A B S T R A C T Functional messenger RNA for human hemoglobin

synthesis

was

prepared from reticulocyte

lysates of patients with homozygous beta thalassemia and

sickle

cell anemia. The messenger RNA

stimulated

the synthesis of human globin chains by a

cell-free

sys-tem derived from

Krebs

mouse ascites cells. In the presence of beta thalassemia messenger RNA, the sys-tem synthesized much less beta chain than alpha chain whereas in the presence of sickle cell anemia messenger RNA, nearly equal amounts of alpha and beta chains were synthesized. The

beta/alpha

synthetic ratios

ob-tained

in the

cell-free

system were

similar

to those

ob-tained by incubating

intact beta

thalassemia

and

sickle

cell anemia reticulocytes

in the presence of

radioactive

leucine.

The experiments

provide

direct

evidence

of a

defect in messenger RNA for beta chains as a cause for the decreased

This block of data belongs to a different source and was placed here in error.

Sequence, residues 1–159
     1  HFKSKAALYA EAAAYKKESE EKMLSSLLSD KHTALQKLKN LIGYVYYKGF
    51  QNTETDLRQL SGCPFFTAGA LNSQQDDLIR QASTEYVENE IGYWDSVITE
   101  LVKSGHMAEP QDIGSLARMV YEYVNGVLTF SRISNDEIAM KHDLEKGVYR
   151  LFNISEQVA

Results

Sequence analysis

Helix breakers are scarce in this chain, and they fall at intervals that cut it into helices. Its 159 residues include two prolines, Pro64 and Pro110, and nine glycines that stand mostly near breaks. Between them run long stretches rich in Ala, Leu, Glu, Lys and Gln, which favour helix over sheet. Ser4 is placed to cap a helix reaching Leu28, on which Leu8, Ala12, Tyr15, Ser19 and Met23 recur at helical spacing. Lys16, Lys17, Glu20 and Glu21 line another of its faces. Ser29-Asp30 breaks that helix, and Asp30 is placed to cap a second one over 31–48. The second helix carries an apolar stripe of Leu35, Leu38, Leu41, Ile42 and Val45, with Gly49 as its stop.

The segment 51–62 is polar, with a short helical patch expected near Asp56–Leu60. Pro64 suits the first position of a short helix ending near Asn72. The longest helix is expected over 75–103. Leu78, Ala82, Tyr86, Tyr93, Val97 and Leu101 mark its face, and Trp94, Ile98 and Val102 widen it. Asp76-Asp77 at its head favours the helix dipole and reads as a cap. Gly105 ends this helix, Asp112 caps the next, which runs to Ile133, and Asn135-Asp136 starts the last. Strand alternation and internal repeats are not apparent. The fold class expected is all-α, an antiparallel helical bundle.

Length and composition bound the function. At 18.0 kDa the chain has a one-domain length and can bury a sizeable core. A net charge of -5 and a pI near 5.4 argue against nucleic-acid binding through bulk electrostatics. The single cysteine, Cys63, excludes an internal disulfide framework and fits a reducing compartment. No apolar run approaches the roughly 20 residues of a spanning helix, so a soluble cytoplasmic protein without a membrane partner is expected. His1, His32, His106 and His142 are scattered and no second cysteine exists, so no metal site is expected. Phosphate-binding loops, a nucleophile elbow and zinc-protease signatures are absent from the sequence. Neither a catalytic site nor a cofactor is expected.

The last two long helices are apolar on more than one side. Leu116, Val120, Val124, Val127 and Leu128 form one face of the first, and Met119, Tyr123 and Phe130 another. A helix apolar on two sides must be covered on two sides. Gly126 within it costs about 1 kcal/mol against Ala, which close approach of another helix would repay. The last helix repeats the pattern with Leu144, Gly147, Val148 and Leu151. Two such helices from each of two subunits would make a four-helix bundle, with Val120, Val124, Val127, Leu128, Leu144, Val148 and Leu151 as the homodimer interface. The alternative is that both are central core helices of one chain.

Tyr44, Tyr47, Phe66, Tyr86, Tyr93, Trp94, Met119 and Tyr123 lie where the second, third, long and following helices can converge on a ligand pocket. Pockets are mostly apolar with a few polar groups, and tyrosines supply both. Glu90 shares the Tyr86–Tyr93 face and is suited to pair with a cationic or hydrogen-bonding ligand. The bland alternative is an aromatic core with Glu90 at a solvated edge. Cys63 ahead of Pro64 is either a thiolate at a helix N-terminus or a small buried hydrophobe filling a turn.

synthesis of

beta chains observed in betathalassemia.

INTRODUCTION

Beta thalassemia is an inherited disorder of

hemoglobin

synthesis characterized by decreased synthesis of

struc-turally normal

beta chains

of

adult

human

hemoglobin

(1-7).

It

is

currently believed

that the

basic

defect in

beta

thalassemia is

decreased

synthesis

of

structurally

normal messenger

RNA

(mRNA)1

for beta chains, or

synthesis of

a

structurally

and/or functionally

abnor-mal mRNA for beta chains

(8, 9).

There is much

ex-perimental

evidence which indirectly supports this

hy-pothesis:

thalassemic

ribosomes synthesize

polyphenyl-alanine

normally

when primed by polyuridylic

acid

in a cell-free system

(10);

the rate of beta chain